Along with all the other considerations when setting up an e-commerce operation, companies have to think about how to receive payments online. Negotiating with credit card companies, installing the right software and managing security are all essential to creating a viable e-commerce solution.
However, not everyone gets it right. Music and video retailer HMV, for example, originally handled online payments by manually taking orders from the system, handpicking products from the shelves of its Oxford Street store in London and re-entering the orders into the store's point-of-sale terminals. This manual approach was...
Automating online payments can cut down on overheads significantly. Just ask HMV; it has since adopted a more sophisticated system.
The first thing you need is a merchant account. This will enable your bank to transfer payments to you. If you are an existing business with credit card processing facilities, you may already have a merchant account.
It is important to check the terms and conditions - and particularly the charges - involved with processing online payments. Banks often impose restrictions or charges on 'Cardholder Not Present' transactions, where the credit card holder is not physically present when making the purchase. Internet purchases are classed as such, for obvious reasons, so you must factor any additional charges into your overall transaction cost.
Once you have established a merchant account, or checked your existing account for Internet friendliness, the next step is to choose an online payment service provider. There are lots of these companies springing up online, many of which offer a range of services that address various levels of complexity.
VeriSign, for example, which has made its name in the digital certificate market, offers two different levels of online payment system. Payflow Link is browser based and aimed at businesses processing fewer than 1,000 transactions per month.
Businesses get into the system using a simple hyperlink entered on an HTML page, and the system offers credit card, debit card and electronic cheque payments. Payflow Pro, on the other hand, uses a secure, dedicated Internet link (TCP/IP link) and comes with its own software development kit for advanced payment applications. It supports more payment types, such as purchase cards.
Still, when using online payment mechanisms such as these, you will want to be sure that US service providers support international customers. Although US-based VeriSign can support transactions in sterling, you will need a US bank account to make it work.
One of the most popular online services is WorldPay, which offers a UK-centric payment service. Following a relationship with NatWest bank that began in 1996, it now handles multicurrency processing.
In a typical session, after browsing an online retailer's catalogue and making a product selection, a customer elects to make a payment. The electronic retailer sends an encrypted purchase token to WorldPay, which decrypts it and presents a payment form to the shopper. Shoppers enter their card details and submit the form. The card is authorised by the card issuer and authorisation is sent to WorldPay. Both the retailer and the shopper are informed that the transaction is complete, and then the money is transferred from the shopper's credit card account to the retailer.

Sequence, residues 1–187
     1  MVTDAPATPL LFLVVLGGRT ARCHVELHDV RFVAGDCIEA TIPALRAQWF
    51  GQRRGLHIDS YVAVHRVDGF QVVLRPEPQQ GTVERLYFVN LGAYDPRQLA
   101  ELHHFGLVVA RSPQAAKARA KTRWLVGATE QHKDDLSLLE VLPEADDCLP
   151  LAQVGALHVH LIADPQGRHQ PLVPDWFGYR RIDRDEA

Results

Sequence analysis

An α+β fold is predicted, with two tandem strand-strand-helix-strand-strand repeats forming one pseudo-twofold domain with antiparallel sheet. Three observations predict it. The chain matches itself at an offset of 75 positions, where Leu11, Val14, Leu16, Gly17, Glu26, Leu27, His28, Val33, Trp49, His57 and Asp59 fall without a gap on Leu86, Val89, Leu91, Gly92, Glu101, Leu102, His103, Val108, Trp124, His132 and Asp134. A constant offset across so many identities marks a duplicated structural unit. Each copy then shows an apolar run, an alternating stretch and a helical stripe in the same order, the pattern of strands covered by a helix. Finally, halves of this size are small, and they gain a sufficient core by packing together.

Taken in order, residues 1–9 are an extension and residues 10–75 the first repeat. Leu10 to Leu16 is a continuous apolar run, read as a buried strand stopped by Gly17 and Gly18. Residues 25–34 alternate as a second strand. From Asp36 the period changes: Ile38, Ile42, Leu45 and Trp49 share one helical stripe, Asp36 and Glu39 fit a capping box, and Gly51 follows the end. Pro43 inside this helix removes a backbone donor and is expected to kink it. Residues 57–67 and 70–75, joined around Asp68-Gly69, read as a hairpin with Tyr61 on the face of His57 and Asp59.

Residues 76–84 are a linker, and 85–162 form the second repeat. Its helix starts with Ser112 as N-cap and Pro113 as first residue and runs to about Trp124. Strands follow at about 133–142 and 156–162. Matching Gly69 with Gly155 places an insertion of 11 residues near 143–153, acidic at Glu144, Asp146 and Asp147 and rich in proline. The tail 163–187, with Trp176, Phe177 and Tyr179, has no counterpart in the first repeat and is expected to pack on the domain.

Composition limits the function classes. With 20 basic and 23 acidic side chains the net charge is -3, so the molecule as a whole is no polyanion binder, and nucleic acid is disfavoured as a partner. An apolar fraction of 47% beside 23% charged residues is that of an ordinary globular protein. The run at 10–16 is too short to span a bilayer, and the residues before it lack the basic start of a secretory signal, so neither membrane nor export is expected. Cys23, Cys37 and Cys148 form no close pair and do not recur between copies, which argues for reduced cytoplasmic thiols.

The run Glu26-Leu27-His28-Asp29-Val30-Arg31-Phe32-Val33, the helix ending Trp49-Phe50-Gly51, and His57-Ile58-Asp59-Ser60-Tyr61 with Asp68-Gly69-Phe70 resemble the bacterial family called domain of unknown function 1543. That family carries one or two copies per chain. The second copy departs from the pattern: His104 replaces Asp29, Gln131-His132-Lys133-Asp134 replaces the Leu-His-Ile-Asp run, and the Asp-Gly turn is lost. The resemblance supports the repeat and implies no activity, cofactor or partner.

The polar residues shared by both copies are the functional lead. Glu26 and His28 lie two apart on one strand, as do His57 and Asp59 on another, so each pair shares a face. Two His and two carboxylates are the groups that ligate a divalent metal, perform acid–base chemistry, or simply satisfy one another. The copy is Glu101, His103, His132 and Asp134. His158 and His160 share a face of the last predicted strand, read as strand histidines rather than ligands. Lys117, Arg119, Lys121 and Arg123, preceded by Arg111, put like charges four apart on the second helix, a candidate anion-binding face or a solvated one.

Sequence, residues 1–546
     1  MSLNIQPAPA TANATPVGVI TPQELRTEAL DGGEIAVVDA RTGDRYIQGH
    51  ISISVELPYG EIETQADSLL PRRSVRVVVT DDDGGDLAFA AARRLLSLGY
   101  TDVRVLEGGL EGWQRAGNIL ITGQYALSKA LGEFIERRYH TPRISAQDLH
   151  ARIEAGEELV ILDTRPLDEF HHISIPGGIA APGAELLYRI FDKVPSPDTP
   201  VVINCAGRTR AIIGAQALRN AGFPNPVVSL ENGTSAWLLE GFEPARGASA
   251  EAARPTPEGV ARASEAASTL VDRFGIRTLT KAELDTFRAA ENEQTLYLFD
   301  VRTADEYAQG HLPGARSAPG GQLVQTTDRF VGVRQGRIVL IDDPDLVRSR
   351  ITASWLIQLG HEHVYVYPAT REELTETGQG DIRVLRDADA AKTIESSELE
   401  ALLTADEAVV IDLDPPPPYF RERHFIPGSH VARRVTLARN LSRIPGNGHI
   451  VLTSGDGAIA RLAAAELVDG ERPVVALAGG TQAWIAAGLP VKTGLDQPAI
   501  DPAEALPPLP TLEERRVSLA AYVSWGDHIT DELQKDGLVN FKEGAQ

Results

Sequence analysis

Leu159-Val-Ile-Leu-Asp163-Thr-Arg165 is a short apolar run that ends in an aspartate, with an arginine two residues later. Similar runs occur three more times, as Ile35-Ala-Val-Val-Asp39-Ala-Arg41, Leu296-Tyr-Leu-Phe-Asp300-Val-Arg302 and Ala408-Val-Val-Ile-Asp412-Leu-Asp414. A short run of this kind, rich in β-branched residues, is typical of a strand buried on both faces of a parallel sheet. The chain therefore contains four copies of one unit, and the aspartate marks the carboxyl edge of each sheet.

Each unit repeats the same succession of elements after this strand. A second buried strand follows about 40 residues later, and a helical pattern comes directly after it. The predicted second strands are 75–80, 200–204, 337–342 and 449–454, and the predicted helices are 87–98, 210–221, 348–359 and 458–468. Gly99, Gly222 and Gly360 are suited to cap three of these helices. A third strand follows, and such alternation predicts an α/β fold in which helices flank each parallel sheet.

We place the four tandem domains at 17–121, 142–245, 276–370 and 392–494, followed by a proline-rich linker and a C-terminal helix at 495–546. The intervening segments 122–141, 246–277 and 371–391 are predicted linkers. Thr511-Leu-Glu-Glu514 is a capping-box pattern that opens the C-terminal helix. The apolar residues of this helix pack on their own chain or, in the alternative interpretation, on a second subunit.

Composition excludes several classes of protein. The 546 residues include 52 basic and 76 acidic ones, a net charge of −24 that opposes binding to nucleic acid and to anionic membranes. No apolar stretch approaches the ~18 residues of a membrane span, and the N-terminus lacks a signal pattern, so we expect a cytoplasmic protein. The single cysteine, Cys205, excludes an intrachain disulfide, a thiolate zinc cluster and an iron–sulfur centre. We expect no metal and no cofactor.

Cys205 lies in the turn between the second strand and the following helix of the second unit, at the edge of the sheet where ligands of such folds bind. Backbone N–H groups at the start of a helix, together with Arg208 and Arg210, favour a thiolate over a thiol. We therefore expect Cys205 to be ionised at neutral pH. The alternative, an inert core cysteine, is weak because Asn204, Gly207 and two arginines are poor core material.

Security is a big issue when handling online payments and many companies use secure socket-layer technology in order to make things safer. There are other standards on the market; Visa clubbed together with Mastercard and leading technology providers to produce the secure electronic transaction technology in the mid-1990s, for example.
Using digital certificate technology, the system enabled credit card data to be stored using a browser plug-in. Unfortunately, the technology is quite complex to implement and real-world use has been minimal.
Taking online payments is far from a simple task, and a lot depends on your relationship with your bank. Nevertheless, get it right and you will be able to make your e-commerce operation much more efficient.
Penny pinching: charges
Retailers have traditionally been reluctant to authorise credit card transactions of very small sums because it is unprofitable for them to do so. The nature of the Internet, however, makes low-value sales desirable. For example, a company may wish to charge a fee for viewing video clips online, buying individual songs or playing games.
The value of such transactions would not exceed a few pounds and, in many cases, would cost no more than a few pence. Microtransactions are a small but growing segment of the market. WorldPay produces WorldAccount, a microtransaction system that enables customers to set an opening balance and then debits their accounts to cover such small purchases.